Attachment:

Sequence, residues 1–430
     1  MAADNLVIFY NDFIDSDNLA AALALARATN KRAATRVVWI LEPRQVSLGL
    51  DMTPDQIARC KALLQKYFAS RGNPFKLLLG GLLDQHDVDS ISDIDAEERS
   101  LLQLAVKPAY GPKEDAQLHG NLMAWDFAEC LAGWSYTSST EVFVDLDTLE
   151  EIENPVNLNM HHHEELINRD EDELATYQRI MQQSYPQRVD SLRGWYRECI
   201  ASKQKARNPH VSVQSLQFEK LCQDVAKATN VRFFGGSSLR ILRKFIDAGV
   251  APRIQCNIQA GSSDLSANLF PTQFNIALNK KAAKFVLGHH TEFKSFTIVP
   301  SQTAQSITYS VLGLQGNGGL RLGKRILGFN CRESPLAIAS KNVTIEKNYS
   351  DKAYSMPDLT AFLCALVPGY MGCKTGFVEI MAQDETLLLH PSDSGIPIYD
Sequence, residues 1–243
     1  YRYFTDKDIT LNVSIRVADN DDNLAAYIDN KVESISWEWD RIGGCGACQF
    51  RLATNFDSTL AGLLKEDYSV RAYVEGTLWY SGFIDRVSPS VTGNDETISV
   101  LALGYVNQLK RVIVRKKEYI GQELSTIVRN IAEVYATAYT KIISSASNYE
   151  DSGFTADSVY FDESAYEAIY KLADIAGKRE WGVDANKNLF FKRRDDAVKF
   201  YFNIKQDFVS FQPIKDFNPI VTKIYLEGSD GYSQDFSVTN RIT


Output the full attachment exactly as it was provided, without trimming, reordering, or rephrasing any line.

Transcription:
Sequence, residues 1–430
     1  MAADNLVIFY NDFIDSDNLA AALALARATN KRAATRVVWI LEPRQVSLGL
    51  DMTPDQIARC KALLQKYFAS RGNPFKLLLG GLLDQHDVDS ISDIDAEERS
   101  LLQLAVKPAY GPKEDAQLHG NLMAWDFAEC LAGWSYTSST EVFVDLDTLE
   151  EIENPVNLNM HHHEELINRD EDELATYQRI MQQSYPQRVD SLRGWYRECI
   201  ASKQKARNPH VSVQSLQFEK LCQDVAKATN VRFFGGSSLR ILRKFIDAGV
   251  APRIQCNIQA GSSDLSANLF PTQFNIALNK KAAKFVLGHH TEFKSFTIVP
   301  SQTAQSITYS VLGLQGNGGL RLGKRILGFN CRESPLAIAS KNVTIEKNYS
   351  DKAYSMPDLT AFLCALVPGY MGCKTGFVEI MAQDETLLLH PSDSGIPIYD
Sequence, residues 1–243
     1  YRYFTDKDIT LNVSIRVADN DDNLAAYIDN KVESISWEWD RIGGCGACQF
    51  RLATNFDSTL AGLLKEDYSV RAYVEGTLWY SGFIDRVSPS VTGNDETISV
   101  LALGYVNQLK RVIVRKKEYI GQELSTIVRN IAEVYATAYT KIISSASNYE
   151  DSGFTADSVY FDESAYEAIY KLADIAGKRE WGVDANKNLF FKRRDDAVKF
   201  YFNIKQDFVS FQPIKDFNPI VTKIYLEGSD GYSQDFSVTN RIT